Client Alert

Earlier this month, the United States Securities and Exchange Commission (“SEC”) finalized a long-awaited rule that mandates climate-related disclosures by public companies and in public offerings. See here. The rule does not apply to public asset-backed securities (“ABS”) issuers and the SEC has stated that it will continue to review climate disclosures related to these issuers.


The SEC first provided guidance on climate-related disclosures in 2010. That guidance recommended that affected registrants include general information about climate change-related risks and opportunities in disclosures related to the registrant’s business description, risk factors, legal proceedings, and management discussion. According to the SEC, climate-related risk disclosures made pursuant to this guidance were fragmented and inconsistent and companies provided most of their climate-related information outside of Commission filings.

To address these concerns, the SEC issued a proposed rule in March 2021 seeking to impose more robust climate disclosures (the “Proposed Rule”). The Proposed Rule would have required registrants to disclose specific information on climate-related risks and the impact of climate-related events and transition activities on the registrant’s financial statements. The Proposed Rule also called for disclosure of greenhouse gas (“GHG”) emission metrics that could help investors assess climate risks, including the registrants’ direct GHG emissions (Scope 1), indirect GHG emissions from purchased energy sources (Scope 2), and GHG emissions from upstream or downstream in a registrant’s value chain (Scope 3) if such emissions are material or where the registrant has set goals related to Scope 3 emissions. The SEC considered thousands of comments before issuing a final rule.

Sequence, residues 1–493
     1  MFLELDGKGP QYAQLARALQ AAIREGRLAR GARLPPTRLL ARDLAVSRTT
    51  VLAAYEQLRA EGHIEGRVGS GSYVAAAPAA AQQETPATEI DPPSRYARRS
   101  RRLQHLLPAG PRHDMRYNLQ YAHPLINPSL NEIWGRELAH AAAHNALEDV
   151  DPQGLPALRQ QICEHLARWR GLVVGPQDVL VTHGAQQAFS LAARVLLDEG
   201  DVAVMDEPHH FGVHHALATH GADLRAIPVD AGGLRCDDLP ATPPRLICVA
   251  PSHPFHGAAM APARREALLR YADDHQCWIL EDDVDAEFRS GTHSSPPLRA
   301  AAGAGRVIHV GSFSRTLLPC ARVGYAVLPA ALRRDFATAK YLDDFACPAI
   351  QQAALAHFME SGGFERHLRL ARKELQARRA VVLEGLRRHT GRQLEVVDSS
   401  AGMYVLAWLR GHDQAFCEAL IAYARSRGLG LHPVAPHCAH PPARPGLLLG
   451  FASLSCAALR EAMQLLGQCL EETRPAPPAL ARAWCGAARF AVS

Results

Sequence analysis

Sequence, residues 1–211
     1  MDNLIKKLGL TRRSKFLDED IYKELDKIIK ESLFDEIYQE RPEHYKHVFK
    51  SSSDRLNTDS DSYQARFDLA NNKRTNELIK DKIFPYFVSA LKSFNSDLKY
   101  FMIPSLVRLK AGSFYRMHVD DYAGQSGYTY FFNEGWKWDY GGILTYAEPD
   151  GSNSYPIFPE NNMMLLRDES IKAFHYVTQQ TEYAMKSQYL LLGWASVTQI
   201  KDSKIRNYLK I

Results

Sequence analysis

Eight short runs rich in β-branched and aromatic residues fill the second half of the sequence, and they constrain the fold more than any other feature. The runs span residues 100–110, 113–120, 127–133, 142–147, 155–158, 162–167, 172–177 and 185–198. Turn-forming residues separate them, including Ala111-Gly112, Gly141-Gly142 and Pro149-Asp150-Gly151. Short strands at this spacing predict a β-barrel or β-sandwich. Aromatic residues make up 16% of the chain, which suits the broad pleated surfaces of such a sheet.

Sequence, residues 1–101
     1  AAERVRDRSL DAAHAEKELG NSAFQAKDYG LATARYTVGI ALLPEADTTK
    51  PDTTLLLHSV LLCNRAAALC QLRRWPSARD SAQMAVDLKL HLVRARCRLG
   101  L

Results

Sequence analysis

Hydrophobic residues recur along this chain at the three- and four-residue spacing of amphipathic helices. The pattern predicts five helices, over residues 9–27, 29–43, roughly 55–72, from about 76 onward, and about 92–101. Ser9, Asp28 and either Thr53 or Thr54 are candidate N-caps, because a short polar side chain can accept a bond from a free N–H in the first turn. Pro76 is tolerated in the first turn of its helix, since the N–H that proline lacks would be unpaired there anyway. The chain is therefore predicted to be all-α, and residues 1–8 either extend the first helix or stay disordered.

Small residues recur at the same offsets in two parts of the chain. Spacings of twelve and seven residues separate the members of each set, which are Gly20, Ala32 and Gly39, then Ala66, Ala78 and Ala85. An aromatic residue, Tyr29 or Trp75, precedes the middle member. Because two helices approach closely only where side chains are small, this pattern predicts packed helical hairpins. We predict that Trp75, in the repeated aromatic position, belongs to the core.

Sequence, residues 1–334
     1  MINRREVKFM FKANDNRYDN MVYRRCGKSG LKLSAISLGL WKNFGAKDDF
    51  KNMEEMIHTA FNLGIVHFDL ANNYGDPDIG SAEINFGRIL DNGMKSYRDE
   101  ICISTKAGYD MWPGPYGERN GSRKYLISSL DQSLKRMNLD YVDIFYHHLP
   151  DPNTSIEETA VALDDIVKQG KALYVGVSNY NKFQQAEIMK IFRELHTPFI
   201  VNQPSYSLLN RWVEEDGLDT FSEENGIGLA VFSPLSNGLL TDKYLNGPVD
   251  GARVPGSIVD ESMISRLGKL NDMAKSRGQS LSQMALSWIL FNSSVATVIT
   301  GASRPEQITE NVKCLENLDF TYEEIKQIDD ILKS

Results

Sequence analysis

Those comments both opposed and advocated for inclusion of ABS issuers. For example, in its comments, the Structured Finance Authority (“SFA”) stated that climate change is an important topic for the industry and that its members “want a consistent, comparable, and reliable climate change disclosure and reporting framework” across the securitization market. That said, the SFA asserted that due to the unique nature of the market, any ABS climate disclosure requirements must be targeted to different asset classes. The SFA commented that “[w]hile we believe a harmonized approach for disclosures would make sense in areas where there is overlapping risks between both corporate securities and ABS, the structure of ABS is vastly different from corporate securities.” The SFA also emphasized the establishment of its own voluntary ESG reporting initiative (the ABS Climate Disclosure Framework) in support of its position that ABS issuers should be excluded from any final climate disclosure rule.

Other commenters encouraged the SEC to require disclosure from ABS issuers because such issuers are subject to the same climate risks as other issuers and thus require similar disclosure.

Final Rule